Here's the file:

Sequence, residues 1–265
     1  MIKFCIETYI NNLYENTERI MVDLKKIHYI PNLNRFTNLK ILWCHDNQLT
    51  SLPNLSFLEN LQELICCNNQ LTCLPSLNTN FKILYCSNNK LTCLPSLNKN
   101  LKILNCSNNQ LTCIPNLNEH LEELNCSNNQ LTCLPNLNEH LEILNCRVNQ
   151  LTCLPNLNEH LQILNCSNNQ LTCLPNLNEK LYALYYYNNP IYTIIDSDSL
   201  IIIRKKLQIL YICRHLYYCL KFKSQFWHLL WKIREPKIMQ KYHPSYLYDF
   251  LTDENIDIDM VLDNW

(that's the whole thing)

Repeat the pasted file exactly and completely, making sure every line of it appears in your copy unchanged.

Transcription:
Sequence, residues 1–265
     1  MIKFCIETYI NNLYENTERI MVDLKKIHYI PNLNRFTNLK ILWCHDNQLT
    51  SLPNLSFLEN LQELICCNNQ LTCLPSLNTN FKILYCSNNK LTCLPSLNKN
   101  LKILNCSNNQ LTCIPNLNEH LEELNCSNNQ LTCLPNLNEH LEILNCRVNQ
   151  LTCLPNLNEH LQILNCSNNQ LTCLPNLNEK LYALYYYNNP IYTIIDSDSL
   201  IIIRKKLQIL YICRHLYYCL KFKSQFWHLL WKIREPKIMQ KYHPSYLYDF
   251  LTDENIDIDM VLDNW